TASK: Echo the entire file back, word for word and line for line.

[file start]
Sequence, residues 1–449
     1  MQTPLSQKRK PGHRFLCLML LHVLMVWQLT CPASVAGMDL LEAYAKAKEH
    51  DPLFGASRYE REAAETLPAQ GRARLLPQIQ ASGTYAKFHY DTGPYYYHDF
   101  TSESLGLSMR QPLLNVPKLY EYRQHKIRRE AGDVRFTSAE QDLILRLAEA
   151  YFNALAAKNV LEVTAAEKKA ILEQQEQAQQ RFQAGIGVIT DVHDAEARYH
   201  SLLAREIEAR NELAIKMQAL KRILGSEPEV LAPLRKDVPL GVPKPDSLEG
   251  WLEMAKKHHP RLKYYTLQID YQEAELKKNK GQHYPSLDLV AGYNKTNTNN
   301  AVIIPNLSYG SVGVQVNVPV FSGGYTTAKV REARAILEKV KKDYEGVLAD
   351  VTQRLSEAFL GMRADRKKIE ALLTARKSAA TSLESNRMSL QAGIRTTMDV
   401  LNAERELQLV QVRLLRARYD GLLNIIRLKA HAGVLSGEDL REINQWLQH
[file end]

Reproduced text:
Sequence, residues 1–449
     1  MQTPLSQKRK PGHRFLCLML LHVLMVWQLT CPASVAGMDL LEAYAKAKEH
    51  DPLFGASRYE REAAETLPAQ GRARLLPQIQ ASGTYAKFHY DTGPYYYHDF
   101  TSESLGLSMR QPLLNVPKLY EYRQHKIRRE AGDVRFTSAE QDLILRLAEA
   151  YFNALAAKNV LEVTAAEKKA ILEQQEQAQQ RFQAGIGVIT DVHDAEARYH
   201  SLLAREIEAR NELAIKMQAL KRILGSEPEV LAPLRKDVPL GVPKPDSLEG
   251  WLEMAKKHHP RLKYYTLQID YQEAELKKNK GQHYPSLDLV AGYNKTNTNN
   301  AVIIPNLSYG SVGVQVNVPV FSGGYTTAKV REARAILEKV KKDYEGVLAD
   351  VTQRLSEAFL GMRADRKKIE ALLTARKSAA TSLESNRMSL QAGIRTTMDV
   401  LNAERELQLV QVRLLRARYD GLLNIIRLKA HAGVLSGEDL REINQWLQH